A similar process is happening with the entire startup industry. Much has changed since the days of Microsoft, Google, Apple, which were created in the garages and kitchens of the founders. There appeared “protocols” regulating work with startups, a lot of organizations doing the same work that the founders used to do (for example, intermediaries in finding investors). Creating a “startup pipeline” is the next round of development in the startup industry.

More and more companies are not only increasing the number of sales, but are also creating parallel services and products that interact with each other. As a side effect of this trend, you can now hear the words “ecosystem” and “business synergy” in every second Instagram account. But no matter how “blurred” these terms are, they define the essence correctly: the business is moving from “develop or die” to “create your own ecosystem for users or die” strategy. In the CIS market, tech giants like Yandex and Sber are buying up companies in different niches, expanding their influence in the market and involving an increasing segment of the audience in their system. Another undoubted plus of ecosystems is saving resources.

Both of these advantages are implemented in start-up studios perfectly. Many businesses are created here that can interact and solve each other’s problems. A centralized approach to startups — a single back office, a pool of investors, a sales department — speeds up and simplifies the growth of each individual startup.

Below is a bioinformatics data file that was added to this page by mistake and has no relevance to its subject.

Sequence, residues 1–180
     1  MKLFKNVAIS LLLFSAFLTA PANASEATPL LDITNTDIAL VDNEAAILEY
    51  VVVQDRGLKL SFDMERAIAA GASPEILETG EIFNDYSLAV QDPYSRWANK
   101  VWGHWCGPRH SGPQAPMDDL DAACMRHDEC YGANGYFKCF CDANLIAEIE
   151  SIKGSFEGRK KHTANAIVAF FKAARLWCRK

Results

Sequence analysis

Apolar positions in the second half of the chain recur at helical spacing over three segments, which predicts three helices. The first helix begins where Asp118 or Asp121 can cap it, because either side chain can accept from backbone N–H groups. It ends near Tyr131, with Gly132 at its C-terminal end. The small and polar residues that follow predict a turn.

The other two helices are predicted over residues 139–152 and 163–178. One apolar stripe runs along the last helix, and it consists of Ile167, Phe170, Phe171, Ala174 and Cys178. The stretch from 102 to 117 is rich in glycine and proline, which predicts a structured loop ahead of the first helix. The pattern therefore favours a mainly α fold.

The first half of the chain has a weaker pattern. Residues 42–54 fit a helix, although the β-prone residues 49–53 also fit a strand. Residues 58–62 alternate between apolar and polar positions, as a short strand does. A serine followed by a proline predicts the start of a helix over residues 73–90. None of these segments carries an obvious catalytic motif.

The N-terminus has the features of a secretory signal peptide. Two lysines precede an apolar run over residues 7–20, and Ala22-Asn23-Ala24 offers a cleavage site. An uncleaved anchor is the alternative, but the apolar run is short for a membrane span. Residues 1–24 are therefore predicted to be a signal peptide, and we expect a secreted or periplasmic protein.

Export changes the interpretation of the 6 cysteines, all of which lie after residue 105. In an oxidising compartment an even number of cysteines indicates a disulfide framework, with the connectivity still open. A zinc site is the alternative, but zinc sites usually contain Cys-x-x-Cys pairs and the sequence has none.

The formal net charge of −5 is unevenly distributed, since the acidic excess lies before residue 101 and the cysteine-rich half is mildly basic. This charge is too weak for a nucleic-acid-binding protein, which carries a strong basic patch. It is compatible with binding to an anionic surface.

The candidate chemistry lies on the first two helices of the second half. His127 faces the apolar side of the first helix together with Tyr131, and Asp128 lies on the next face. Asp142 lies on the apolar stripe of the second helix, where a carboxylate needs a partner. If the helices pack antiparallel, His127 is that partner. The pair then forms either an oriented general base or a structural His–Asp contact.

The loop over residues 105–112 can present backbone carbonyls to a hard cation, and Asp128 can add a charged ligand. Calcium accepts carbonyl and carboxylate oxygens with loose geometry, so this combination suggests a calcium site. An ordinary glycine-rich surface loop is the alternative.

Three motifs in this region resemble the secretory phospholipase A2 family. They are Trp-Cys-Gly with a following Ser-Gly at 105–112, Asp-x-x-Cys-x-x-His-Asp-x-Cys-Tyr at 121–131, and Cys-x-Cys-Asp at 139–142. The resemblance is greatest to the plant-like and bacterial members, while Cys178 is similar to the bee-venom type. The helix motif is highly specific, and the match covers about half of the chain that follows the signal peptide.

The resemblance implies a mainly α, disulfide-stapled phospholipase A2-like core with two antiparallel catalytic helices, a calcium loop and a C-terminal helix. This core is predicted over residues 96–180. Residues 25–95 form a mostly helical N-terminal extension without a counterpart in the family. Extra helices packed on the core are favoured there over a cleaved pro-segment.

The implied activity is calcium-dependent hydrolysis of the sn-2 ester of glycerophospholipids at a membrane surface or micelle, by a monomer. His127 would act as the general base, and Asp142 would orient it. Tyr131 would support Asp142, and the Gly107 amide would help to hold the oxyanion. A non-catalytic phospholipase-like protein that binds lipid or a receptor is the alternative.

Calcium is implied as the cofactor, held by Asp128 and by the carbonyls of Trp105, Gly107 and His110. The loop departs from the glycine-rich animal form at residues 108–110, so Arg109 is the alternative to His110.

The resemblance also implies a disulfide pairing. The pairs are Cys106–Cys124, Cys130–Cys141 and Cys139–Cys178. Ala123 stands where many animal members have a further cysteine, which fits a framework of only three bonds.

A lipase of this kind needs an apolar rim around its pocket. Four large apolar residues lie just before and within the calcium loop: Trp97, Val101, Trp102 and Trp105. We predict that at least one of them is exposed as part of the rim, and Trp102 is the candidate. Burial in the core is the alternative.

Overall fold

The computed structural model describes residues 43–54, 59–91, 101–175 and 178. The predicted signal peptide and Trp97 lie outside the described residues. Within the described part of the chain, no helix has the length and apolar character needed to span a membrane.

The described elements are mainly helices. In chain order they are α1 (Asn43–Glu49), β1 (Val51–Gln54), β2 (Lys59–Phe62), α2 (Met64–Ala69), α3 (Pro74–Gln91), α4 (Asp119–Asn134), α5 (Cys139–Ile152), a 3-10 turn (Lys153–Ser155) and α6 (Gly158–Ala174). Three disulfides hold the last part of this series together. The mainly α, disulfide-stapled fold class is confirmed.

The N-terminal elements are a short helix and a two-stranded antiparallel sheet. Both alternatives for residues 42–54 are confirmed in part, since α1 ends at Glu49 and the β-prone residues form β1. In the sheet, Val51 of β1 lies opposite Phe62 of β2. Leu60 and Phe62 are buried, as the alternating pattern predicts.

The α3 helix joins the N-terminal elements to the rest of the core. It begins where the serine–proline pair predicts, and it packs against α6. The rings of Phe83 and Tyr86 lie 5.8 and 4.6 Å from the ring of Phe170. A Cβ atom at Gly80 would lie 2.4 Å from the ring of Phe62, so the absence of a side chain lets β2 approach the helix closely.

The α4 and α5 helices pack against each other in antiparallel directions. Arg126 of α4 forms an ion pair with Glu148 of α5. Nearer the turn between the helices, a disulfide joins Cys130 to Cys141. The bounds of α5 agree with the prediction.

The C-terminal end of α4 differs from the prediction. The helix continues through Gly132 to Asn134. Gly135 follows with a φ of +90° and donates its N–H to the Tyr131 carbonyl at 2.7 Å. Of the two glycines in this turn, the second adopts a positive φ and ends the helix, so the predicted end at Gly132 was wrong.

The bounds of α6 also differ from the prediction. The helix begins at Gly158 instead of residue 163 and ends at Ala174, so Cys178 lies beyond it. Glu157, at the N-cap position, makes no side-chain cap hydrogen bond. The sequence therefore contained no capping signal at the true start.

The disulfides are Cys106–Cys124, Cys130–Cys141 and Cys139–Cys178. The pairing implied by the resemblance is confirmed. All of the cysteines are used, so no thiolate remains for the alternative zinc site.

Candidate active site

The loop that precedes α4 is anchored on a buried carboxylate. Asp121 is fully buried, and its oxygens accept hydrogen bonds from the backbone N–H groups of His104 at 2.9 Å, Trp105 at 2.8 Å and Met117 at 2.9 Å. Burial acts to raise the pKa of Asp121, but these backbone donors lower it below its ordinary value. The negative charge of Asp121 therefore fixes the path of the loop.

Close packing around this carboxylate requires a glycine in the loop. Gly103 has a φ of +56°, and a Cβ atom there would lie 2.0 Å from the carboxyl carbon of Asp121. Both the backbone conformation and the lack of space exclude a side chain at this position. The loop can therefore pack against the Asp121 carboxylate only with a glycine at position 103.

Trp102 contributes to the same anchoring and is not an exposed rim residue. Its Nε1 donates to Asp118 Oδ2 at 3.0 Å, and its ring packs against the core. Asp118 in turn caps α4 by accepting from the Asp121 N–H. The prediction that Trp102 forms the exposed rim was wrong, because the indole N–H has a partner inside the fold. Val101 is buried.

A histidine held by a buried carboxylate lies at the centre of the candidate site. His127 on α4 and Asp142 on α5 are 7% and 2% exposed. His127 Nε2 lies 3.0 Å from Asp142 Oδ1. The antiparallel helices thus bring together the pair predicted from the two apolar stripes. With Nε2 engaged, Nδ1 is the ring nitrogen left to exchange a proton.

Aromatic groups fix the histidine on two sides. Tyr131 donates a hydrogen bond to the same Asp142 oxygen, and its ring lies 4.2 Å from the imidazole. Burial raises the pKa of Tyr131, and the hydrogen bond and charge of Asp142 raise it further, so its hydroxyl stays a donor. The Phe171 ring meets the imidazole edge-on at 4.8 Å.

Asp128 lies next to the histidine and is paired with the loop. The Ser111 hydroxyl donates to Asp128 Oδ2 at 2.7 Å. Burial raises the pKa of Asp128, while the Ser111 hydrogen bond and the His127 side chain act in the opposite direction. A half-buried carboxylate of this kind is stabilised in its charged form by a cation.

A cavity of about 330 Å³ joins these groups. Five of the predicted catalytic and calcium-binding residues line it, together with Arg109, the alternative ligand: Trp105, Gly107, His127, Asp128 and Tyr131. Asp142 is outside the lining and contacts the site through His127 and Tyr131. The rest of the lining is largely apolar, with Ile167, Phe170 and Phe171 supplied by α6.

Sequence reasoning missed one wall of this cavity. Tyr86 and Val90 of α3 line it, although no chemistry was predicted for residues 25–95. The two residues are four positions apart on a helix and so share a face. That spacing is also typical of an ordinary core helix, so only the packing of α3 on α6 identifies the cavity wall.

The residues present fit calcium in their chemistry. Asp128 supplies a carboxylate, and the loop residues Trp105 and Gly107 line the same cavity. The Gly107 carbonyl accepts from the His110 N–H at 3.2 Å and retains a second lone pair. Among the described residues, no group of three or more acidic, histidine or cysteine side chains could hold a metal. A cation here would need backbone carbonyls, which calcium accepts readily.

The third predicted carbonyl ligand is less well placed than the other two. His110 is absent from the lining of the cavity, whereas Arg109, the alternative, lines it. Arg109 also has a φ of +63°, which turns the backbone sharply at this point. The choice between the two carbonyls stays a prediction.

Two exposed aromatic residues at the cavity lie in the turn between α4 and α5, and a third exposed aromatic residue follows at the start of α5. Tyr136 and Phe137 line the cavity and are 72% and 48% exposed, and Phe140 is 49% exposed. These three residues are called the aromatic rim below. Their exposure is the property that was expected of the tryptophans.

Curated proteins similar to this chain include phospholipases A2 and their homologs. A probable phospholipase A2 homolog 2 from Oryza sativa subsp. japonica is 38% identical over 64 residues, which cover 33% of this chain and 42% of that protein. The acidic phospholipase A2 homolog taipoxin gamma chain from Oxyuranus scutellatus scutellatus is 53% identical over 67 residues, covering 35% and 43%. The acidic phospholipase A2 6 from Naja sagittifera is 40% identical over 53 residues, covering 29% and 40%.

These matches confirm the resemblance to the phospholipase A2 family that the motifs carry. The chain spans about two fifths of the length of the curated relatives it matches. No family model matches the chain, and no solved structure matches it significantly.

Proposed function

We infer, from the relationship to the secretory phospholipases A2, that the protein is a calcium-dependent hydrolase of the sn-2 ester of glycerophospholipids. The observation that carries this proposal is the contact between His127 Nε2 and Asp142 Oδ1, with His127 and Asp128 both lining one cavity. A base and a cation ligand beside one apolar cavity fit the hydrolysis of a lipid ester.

The Internet has become the main catalyst for the spread of outsourcing: now it is much easier and cheaper not to do it yourself, and to find a professional — there are always enough offers on the world market. This is why startup studios are a welcome partner for large tech corporations that need to create new products and projects.

For a long time, Google and other giants tried to create new startups and technologies on their own. It did not quite work out: according to a recent study, up to 90% of startups acquired by corporations turn out to be unprofitable. This “curse of big corporations” has spawned a lot of speculation about the need for a “spirit of freedom” and some kind of secret ingredient that only appears in the kitchen or in the garage of the founder to create startups. But, in fact, everything is simpler: the vector of movement of a large corporation rarely coincides with a small company. This is not a favourable environment for the development of a startup. Therefore, it is easier and cheaper for companies to cooperate with studios, ordering startups, for example, in the niche where a technological solution is needed, but it is not yet available.

By the way, many studios are already focused on working with corporations. The Mexican startup studio InnoHub was jointly founded by three corporations from different fields (finance, logistics and communications). Now the studio creates products and technological solutions for them.

The popularity of such professions as project and product manager is no coincidence: there is less and less process work, and more and more project work. Any large company needs a certain product to meet its needs, which has to be developed and tested independently, and a successful solution can become an additional source of income for the company. In the future, companies will need more and more products — and start-up studios will have more and more potential customers. Perhaps, over time, ordering a startup that solves a particular request at a startup factory will be as commonplace as ordering marketing services or an advertising campaign at an agency.